Greek Fire: How the Byzantine empire’s secret weapon of mass destruction worked?

It was said that the mysterious liquid is impossible to extinguish once it started to burn; and coming into contact with water caused the flames to burn even more ferociously.
Illustration of a Greek fire against the Arabs in Constantinople, 7th cebntury CE.
Illustration of a Greek fire against the Arabs in Constantinople, 7th cebntury CE. © iStcok

The Byzantine Empire is best known for its majestic churches, beautiful mosaics, and the preservation of ancient knowledge. However, this empire also played a crucial role in the history of warfare. In particular, the Byzantines developed a new and advanced kind of weapon known as Greek Fire. Although historians still debate exactly how this technology worked, the result was an incendiary weapon that changed warfare forever.

"The Roman fleet burn the opposite fleet down" – A Byzantine ship using Greek fire against a ship belonging to the rebel Thomas the Slav, 821. 12th century illustration from the Madrid Skylitzes.
“The Roman fleet burn the opposite fleet down” – A Byzantine ship using Greek fire against a ship belonging to the rebel Thomas the Slav, 821. 12th century illustration from the Madrid Skylitzes. © Wikimedia Commons

In the early sixth century CE, the Byzantine Empire already existed as a small but growing power in the eastern Mediterranean region. After decades of conflict with their Sassanid rivals to the east and north, however, things were about to get much worse for Constantinople and its inhabitants—they had been methodically attacked by powerful enemy fleets again and again.

In 572 CE, a massive fleet from Constantinople’s arch-nemesis—the Persian Empire—sailed into the Bosphorus Strait and began burning every ship that came its way. The siege lasted two months until finally a courageous local fisherman named Niketas led his fellow fishermen into battle against the enemy ships with pots filled with inflammable liquids that they could throw at their opponents when they got close enough, but remaining in a safe distance. This moment marked one of many turning points in Byzantine history.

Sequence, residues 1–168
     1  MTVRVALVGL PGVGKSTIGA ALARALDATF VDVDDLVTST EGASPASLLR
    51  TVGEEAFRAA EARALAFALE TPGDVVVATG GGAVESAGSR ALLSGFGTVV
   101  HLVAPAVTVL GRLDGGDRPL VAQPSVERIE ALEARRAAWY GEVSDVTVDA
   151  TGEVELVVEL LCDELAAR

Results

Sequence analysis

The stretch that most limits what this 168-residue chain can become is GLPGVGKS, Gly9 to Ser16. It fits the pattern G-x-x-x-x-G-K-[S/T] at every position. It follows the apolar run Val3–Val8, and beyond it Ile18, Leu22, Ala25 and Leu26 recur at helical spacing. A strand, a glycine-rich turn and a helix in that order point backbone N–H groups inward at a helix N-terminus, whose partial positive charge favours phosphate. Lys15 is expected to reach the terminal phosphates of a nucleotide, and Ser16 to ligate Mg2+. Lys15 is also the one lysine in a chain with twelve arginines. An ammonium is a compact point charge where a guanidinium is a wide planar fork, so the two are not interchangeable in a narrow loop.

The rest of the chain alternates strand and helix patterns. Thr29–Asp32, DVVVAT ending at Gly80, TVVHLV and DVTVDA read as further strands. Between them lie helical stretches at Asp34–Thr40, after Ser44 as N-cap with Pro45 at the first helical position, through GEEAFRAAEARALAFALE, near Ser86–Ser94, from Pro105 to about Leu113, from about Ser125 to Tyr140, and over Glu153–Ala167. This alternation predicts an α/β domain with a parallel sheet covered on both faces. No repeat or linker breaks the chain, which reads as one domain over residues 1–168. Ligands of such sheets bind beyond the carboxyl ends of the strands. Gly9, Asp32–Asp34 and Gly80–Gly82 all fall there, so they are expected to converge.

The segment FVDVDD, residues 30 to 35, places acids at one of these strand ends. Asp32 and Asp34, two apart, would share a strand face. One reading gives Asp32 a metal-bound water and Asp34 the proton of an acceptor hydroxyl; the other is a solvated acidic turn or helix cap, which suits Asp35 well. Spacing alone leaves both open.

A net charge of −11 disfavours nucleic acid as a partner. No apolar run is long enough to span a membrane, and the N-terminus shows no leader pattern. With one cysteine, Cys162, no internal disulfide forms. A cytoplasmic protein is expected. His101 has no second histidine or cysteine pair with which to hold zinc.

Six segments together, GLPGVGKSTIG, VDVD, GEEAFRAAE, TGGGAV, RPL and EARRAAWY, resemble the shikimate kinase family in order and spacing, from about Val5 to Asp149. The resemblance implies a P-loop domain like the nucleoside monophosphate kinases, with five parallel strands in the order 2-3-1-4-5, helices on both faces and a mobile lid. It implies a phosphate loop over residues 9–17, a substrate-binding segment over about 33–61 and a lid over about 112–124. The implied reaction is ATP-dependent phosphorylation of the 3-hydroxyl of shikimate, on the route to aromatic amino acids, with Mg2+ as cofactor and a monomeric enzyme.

A century later, when the first Arab siege of Constantinople began in 674-678 CE, the Byzantines defended the city with the legendary incendiary weapon known as “Greek Fire.” Although the term “Greek fire” has been widely used in English and most other languages since the Crusades, the substance was known by a variety of names in Byzantine sources, including “sea fire” and “liquid fire.”

Illustration of a Greek fire against the Arabs in Constantinople, 7th cebntury CE.
Illustration of a Greek fire against the Arabs in Constantinople, 7th cebntury CE. © iStcok

Greek Fire was primarily used to set fire to enemy ships from a safe distance. The weapon’s ability to burn in water made it especially potent and distinctive because it prevented enemy combatants from smothering the flames during maritime battles.

It’s possible that coming into contact with water exacerbated the flames’ ferocity. It was said that once the mysterious liquid began to burn, it was impossible to extinguish. This lethal weapon helped save the city and give the Byzantine Empire an edge over its enemies for another 500 years.

Use of a cheirosiphōn ("hand-siphōn"), a portable flamethrower, used from atop a flying bridge against a castle. Illumination from the Poliorcetica of Hero of Byzantium.